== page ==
Do you want your child to develop a strong, agile, and healthy body? Do you wish your child could master the skills needed to excel at a variety of sports? I am sure all parents want their children to experience success and to have fun while they develop fine and gross-motor movements as well as good balance, co-ordination and rhythm. (Unfortunately many sports programmes for young children target one specific set of skills and are competitive and challenging in a way that could warp a child’s self-esteem or emotional development.)
Do you want to raise a creative child? One who can come up with amazing ideas, amuse himself, solve problems and enjoy the magical side of childhood? Of course you do! The problem is that these days it seems like every toy and every children’s programme focuses on education, not creativity.
The good news is that you can foster both the creative spark and the optimum physical development! Start by tweaking your attitude: the strict rules of rugby are great for the Springboks, and statements such as, “No, no, the sun should be yellow,” can either hinder a child’s willingness to participate in sport or halt creative thinking. Encourage participation and creativity by being open-minded and non-judgmental.
Participation in physical activities that are fun and non-threatening and also being involved with stimulating creative activities lets children develop their skills in a way that works for them. Physical and intellectual development are often closely intertwined. Even 6 year-olds can do basic multiplication – they often figure it out on their own through playing games.
Here are ways to spark both the physical and intellectual development of your child:
1. Free play Open up some time for free play – just relax and let your children play as children. Avoid complicated toys; rather, opt for things such as building blocks, dough, a ball, a hoop, a Frisbee, crayons and paper or just kitchen utensils. Free play is about letting children solve their own problems, as opposed to showing them what the answer is.
2. Music – music is fun! Children respond immediately to music. Encourage them to sing, dance and try their hand at various instruments. Dancing or moving to music is great exercise too!
3. Story Telling Every child loves books, and every parent loves a child who reads: they’ll do well in school. But books and stories are also a great source of creative fun. When children learn they have the ability to take stories off the page, they feel empowered to let their own amazing ideas take over. Children of almost any age have the ability to compose their own stories; they just need some encouragement from you.
4. Drawing, Colouring and Crafts Isn’t doing crafts just creative by nature? Not always. Choose hands-on projects that include a component that your child contributes. Sometimes that’s as basic as choosing the colours they wish (No, the sky does not have to be blue!), or doing a project where you don’t have to follow the instructions word-for-word to get a fun result.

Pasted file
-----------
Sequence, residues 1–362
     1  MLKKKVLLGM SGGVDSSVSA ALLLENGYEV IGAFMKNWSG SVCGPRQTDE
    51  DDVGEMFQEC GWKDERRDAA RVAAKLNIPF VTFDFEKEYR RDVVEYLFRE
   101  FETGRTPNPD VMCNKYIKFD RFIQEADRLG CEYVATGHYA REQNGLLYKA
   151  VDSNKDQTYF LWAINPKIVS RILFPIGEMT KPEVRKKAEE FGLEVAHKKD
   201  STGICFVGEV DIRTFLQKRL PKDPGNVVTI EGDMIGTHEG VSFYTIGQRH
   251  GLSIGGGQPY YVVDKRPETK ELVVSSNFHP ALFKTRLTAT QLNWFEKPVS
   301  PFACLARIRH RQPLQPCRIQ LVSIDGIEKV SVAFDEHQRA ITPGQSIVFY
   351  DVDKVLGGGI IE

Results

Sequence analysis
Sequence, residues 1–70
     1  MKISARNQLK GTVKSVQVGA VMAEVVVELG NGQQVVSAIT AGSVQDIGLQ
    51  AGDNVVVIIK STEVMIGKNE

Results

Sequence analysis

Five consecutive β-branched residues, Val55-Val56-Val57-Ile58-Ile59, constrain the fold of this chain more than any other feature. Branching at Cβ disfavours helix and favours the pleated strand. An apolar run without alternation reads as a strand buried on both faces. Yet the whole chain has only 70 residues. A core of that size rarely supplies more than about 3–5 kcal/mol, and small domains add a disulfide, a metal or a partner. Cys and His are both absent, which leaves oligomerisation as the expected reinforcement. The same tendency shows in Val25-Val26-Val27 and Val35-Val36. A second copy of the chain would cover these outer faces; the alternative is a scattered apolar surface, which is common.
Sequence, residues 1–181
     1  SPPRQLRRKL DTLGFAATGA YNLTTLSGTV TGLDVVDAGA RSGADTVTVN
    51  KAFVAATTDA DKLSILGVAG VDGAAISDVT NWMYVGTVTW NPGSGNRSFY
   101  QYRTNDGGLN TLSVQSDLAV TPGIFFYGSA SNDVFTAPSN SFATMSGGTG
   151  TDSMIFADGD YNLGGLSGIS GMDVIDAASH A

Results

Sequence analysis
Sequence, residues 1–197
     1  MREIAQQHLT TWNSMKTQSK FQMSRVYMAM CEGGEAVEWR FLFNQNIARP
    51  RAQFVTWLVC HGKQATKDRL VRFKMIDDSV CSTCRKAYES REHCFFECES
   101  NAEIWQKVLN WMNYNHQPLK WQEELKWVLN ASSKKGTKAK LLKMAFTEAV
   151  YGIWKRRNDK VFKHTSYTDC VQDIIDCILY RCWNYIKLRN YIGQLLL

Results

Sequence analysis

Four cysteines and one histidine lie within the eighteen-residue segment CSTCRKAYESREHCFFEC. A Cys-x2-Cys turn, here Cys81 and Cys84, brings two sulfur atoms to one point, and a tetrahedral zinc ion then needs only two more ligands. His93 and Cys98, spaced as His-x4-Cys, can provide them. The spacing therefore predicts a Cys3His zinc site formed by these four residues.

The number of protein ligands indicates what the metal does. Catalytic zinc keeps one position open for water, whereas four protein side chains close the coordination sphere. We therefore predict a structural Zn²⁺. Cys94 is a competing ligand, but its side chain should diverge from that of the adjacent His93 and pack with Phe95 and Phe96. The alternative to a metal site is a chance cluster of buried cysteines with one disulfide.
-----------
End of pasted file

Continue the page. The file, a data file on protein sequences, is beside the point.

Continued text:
5. Outdoor games: With basic equipment and fine weather, your child will enjoy simple physical games! Use a hula hoop, a Frisbee, a skipping rope, a ball balanced on an empty coffee tin to aim at and hit with a pool noodle for a bat. Create a target and let him throw balls of different sizes, shapes and colours. Set up a series of 5 small objects on the lawn about 1,5 meters apart – in a straight line – and a target or goal at the end. Give your child a ball (preferably a small soccer ball), and ask him to control the ball with his feet only, weaving in and out of the line of objects. Once he reaches the last object, he must take aim and kick the ball into the goal.
Every child possesses unique talents and unlimited potential. It is up to us – parents and educators – to identify, nurture and develop those latent talents. However, with such busy lifestyles and demanding careers, parents often do not have the energy, the expertise or the time!
“Beyond Potential” is a group of ex-teachers (and present parents) who understand too well the rigors of modern parenting. They have created an innovative programme with the specific aim to help parents and teachers in their challenging task – to stimulate a child’s imagination & creativity, enhance perceptual, physical and cognitive skills – while the child experiences fun, excitement and discovery!
The Programme is for children aged 2 – 10, and consists of:
- “Buzzi Brains” = Educational Games, Stories and Discussion, Arts and Crafts, Fun, mind-stretching Activities and Brain Gym.
- “Buzzi Bodies” = All the skills needed to excel at sport in Primary school. (Soccer, Cricket, Tennis, Rugby, Hockey, Netball, Golf, Rhythmic gymnastics and Athletics.) Develops gross & fine motor movement, balance, locomotion, spatial relationships, co-ordination, rhythm & timing, strength and flexibility.
Disclaimer: The above article was supplied to Super Mom Blog for publication by Beyond Potential.